There’s a gun metal polished bezel around the entire phone that’s cradled in a soft-touch rubber back casing. On the right side you’ll find a volume rocker button, and on the left side you’ll find the phone’s MHL port that lets you use a microUSB connector or mini-HDMI out cable, along with a secondary microphone for noise cancellation. On top is a 3.5mm headset jack and a power/lock/unlock button. Around back is a dual-LED flash, the 8-megapixel camera sensor and a speaker etched out perfectly amid the ridged design of the back battery cover.

As far as the feel of the device goes, it’s much more¬†thoughtfully¬†designed than the Motorola DROID RAZR. The phone fits very well in the hand, and even though it’s almost twice as thick as the RAZR, it’s still¬†infinitely¬†more comfortable to hold and use thanks to the tapered edges and narrower case.

Software

The HTC Rezound runs HTC’s latest Sense 3.5 user interface, layered on top of Android 2.3.5 Gingerbread. While HTC announced that the Rezound would be getting an upgrade to Android 4.0, it’s a pretty tough sell thrown up against the Samsung Galaxy Nexus that should launch within a week or so.

HTC Sense 3.5 is almost identical to HTC Sense 3.0, adding minor enhancements to the interface like the addition of an “All apps” label now included on the home screen at the bottom of the display as part of the arc. I go back and forth on HTC Sense and for the most part, and I appreciate a lot of the innovation from HTC in the early days of Android, especially starting with the HTC Hero.¬†Sense¬†now introduces more problems that it solves for me, though. While it is cohesive and very well designed, it almost offers too much customization now ‚ÄĒ so much so that the user may not even discover much of its capabilities because it takes so long to dig through everything. I’d run with a stock Android interface any day of the week.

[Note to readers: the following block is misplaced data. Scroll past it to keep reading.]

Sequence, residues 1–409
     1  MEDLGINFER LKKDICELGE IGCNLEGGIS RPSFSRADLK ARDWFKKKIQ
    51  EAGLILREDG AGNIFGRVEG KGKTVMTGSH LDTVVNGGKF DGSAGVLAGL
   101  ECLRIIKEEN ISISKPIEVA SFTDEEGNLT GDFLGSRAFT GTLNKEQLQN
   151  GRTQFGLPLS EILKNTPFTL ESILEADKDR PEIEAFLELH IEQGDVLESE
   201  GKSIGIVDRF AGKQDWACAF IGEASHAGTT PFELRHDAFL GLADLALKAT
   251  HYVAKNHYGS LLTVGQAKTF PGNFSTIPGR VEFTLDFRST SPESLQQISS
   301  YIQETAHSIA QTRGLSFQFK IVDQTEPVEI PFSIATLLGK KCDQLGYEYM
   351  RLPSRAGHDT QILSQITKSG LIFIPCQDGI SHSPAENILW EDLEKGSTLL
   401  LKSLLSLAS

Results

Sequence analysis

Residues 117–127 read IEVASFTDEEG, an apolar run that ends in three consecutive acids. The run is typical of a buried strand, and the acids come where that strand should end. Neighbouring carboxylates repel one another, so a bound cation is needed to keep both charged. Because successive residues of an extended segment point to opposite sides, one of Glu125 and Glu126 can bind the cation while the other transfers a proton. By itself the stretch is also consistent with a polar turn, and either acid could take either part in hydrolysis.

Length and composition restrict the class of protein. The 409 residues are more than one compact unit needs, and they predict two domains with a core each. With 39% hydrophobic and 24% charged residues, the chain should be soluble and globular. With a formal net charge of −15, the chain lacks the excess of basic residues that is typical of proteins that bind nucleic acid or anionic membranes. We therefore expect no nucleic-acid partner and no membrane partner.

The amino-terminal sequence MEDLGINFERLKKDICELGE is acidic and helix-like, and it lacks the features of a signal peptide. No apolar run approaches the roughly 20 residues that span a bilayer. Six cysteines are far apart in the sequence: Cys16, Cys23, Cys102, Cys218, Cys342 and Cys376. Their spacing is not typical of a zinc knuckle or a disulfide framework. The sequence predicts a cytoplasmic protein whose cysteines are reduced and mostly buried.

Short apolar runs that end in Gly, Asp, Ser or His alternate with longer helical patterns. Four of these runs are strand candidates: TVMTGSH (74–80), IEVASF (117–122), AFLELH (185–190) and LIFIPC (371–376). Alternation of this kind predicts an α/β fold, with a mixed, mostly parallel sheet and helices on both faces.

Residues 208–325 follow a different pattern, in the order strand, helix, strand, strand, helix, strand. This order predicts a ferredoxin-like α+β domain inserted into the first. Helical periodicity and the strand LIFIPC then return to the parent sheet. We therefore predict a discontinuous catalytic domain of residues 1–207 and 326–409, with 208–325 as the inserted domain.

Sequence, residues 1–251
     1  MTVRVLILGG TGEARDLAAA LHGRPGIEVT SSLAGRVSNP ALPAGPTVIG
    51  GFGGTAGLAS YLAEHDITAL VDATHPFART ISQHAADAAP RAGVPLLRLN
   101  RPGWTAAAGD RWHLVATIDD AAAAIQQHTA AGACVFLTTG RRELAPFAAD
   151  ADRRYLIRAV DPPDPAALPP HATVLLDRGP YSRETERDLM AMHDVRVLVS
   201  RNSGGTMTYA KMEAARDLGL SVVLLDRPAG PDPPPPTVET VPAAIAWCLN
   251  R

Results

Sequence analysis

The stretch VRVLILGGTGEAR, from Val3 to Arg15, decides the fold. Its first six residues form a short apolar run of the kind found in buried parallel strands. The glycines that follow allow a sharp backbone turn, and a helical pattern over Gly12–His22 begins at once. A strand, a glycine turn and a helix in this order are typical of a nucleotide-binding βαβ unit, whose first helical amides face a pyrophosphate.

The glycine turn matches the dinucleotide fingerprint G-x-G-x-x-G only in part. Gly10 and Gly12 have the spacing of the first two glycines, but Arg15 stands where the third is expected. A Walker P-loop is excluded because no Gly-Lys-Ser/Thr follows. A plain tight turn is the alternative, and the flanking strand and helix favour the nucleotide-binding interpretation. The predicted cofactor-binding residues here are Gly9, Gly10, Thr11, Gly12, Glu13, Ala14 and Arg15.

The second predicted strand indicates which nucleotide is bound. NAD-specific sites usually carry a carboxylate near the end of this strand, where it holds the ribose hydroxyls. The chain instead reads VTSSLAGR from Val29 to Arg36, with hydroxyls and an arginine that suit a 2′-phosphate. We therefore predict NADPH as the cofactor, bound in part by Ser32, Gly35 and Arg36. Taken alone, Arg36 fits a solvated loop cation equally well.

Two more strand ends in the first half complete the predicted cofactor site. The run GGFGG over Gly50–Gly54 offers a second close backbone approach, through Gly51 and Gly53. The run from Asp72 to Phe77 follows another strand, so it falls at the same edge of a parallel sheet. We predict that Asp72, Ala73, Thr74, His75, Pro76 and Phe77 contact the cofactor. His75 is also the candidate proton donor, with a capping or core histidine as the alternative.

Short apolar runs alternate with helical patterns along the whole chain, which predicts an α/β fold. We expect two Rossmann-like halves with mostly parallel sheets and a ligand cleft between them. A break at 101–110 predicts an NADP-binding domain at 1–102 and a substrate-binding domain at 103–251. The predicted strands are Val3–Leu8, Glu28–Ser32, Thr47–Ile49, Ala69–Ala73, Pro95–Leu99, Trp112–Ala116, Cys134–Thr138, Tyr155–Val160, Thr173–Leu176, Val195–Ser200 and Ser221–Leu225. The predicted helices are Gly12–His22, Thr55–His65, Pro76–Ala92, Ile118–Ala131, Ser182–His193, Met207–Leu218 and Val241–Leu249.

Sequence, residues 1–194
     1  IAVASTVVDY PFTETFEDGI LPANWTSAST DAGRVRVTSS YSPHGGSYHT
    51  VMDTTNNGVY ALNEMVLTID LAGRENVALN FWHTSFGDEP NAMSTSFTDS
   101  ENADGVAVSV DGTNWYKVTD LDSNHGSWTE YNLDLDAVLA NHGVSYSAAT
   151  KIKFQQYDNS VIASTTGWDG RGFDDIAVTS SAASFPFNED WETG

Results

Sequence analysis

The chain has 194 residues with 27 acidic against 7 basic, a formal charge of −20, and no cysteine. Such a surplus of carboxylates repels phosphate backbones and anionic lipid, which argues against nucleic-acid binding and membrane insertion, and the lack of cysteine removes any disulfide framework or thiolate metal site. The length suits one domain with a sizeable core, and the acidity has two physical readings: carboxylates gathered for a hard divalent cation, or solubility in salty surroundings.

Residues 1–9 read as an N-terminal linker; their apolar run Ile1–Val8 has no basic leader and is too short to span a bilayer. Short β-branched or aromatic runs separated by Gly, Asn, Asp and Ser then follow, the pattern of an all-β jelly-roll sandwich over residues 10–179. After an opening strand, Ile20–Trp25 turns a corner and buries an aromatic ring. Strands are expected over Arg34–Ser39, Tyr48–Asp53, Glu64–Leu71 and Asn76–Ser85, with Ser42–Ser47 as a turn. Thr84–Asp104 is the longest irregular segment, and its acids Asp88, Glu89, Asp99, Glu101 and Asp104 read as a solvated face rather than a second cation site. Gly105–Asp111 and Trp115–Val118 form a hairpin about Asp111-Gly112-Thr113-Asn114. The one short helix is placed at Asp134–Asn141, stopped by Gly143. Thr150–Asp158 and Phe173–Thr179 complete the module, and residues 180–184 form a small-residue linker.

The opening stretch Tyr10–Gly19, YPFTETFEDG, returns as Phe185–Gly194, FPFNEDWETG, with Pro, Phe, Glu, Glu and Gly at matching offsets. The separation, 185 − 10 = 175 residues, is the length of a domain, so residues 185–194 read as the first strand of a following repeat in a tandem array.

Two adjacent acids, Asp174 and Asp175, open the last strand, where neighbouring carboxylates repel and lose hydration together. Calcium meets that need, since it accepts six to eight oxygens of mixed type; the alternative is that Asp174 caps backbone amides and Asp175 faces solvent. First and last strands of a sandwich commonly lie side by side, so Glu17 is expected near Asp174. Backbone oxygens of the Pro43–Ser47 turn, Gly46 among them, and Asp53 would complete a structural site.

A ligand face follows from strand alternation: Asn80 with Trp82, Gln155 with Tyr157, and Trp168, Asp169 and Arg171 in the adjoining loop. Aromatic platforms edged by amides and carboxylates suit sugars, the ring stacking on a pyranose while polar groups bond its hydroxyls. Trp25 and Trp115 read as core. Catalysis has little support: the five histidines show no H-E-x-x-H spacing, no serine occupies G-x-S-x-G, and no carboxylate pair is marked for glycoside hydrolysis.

I have also noticed many, many icons, and images that haven’t been updated to support the new HD resolution of the display. That’s an attention to detail that shouldn’t have been skipped over. If you’re going to customize the Android interface and modify stock elements of the operating system, it’s only right that you do this throughout the entire phone, and HTC didn’t do that. The status bar, for instance, is a mashup of high resolution and low resolution graphics. The battery icon is crisp but the signal bars aren’t. The silent ringer icon looks great but the GPS icon does not. Also, due to the fact that almost no app developers planned on a display of this resolution being released at this time, most app icons from apps you download look pixelated and blurry.